And then His guardian care implore,

Whom demons dread and men adore.

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LETTER I.

GENERAL DESCRIPTION.

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CRABBE

Renewing oft his poor attempts to beat
THE BOROUGH.

His tingling fingers into gathering heat.

He shall again be seen when evening comes,

And social parties crowd their favourite rooms: “ Describe the Borough"—though our idle tribe

Where, on the table pipes and papers lie, May love description, can we so describe,

The steaming bowl or foaming tankard by; That you shall fairly streets and buildings trace,

'Tis then, with all these comforts spread around, And all that gives distinction to a place ?

They hear the painful dredger's welcome sound; This cannot be; yet, mov’d by your request,

And few themselves the savoury boon deny,
A part I paint-let fancy form the rest.

The food that feeds, the living luxury.
Cities and towns, the various haunts of men,

Yon is our quay! those smaller hoys from town, Require the pencil; they defy the pen:

Its various wares, for country use, bring down; Could he, who sang so well the Grecian fleet,

Those laden waggons, in return, impart So well have sug of alley, lane, or street?

The country produce to the city mart; Can measur'd lines these various buildings show,

Hark! to the clamour in that miry road,
The town-hall turning, or the prospect-row?

Bounded and narrow'd by yon vessels' load;
Can I the seats of wealth and want explore,

The lumbering wealth she empties round the place,
And lengthen out my lays from door to door?

Package, and parcel, hogshead, chest, and case:
Then let thy fancy aid me-1 repair

While the loud seaman and the angry hind,
From this tall mansion of our last-year's mayor,

Mingling in business, bellow to the wind.
Till we the out-skirts of the Borough reach,

Near these a crew amphibious, in the docks,
And these half-buried buildings next the beach;

Rear, for the sea, those castles on the stocks: Where hang at open doors, the net and cork,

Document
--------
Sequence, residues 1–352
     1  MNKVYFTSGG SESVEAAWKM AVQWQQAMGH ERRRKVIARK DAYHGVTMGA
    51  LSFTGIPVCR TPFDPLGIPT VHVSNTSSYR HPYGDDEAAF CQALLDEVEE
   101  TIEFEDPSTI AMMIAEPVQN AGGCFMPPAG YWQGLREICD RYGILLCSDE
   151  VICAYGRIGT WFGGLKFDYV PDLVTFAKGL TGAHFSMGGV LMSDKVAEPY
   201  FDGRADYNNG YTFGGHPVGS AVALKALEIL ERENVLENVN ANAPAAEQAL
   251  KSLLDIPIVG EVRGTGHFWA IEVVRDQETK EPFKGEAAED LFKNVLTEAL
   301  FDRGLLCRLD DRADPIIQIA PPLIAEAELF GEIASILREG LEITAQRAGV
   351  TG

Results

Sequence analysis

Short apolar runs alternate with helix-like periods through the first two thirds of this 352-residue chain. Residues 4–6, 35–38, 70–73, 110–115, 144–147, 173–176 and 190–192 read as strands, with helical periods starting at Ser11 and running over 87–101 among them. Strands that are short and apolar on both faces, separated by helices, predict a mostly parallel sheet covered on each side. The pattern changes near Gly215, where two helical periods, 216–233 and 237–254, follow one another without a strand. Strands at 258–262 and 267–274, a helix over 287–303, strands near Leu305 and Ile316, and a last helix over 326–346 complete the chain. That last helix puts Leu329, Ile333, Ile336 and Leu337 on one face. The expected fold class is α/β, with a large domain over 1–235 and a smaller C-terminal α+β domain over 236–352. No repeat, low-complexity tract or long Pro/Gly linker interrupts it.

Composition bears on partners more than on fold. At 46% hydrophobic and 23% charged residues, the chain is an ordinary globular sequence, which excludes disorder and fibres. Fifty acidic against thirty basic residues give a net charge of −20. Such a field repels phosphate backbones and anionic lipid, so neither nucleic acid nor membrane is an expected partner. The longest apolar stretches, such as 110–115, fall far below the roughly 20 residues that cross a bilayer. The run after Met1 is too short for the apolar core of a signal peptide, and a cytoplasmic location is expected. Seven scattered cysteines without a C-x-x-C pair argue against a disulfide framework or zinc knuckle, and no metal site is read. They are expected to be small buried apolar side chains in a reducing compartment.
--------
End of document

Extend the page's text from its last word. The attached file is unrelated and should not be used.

See! the long keel, which soon the waves must hide; While squalid sea-dames mend the meshy work;

See! the strong ribs which form the roomy side;
Till comes the hour, when fishing through the tide,

Bolts yielding slowly to the sturdiest stroke,
The weary husband throws his freight aside; And planks which curve and crackle in the smoke.
A living mass, which now demands the wife, Around the whole rise cloudy wreaths, and far
Th' alternate labours of their humble life. [wood,

Bear the warm pungence of o'er-boiling tar.
Can scenes like these withdraw thee from thy

Dabbling on shore half-naked sea boys crowd,
Thy upland forest, or thy valley's flood ?

Swim round a ship, or swing upon the shroud;
Seek then thy garden's shrubby bound, and look,

Or in a boat purloin’d, with paddles play,
As it steals by, upon the bordering brook;

And grow familiar with the watery way:
That winding streamlet, limpid, lingering, slow, Young though they be, they feel whose sons

they are, Where the reeds whisper when the zephyrs blow;

They know what British seamen do and dare; Where in the midst, upon her throne of green,

Proud of that fame, they raise and they enjoy be 唐 Sits the large lily as the water's queen;

The rustic wonder of the village-boy.
And makes the current, forc'd awhile to stay,

Before you bid these busy scenes adieu,
Murmur and bubble, as it shoots away;

Behold the wealth that lies in public view,
Draw then the strongest contrast to that stream,

Those far-extended heaps of coal and coke,
And our broad river will before thee seem.

Where fresh-fill'd lime-kilns breathe their stilling
With ceaseless motion comes and goes the tide;

smoke.
Flowing, it fills the channel vast and wide;

This shall pass off, and you behold, instead,
Then back to sea, with strong majestic sweep

The night-fire gleaming on its chalky bed;
It rolls, in ebb yet terrible and deep;

When from the light-house brighter beams will rise,
Here samphire-banks and salt-wort bound the flood, To show the shipman where the shallow lies.
There stakes and sea-weeds withering on the mud;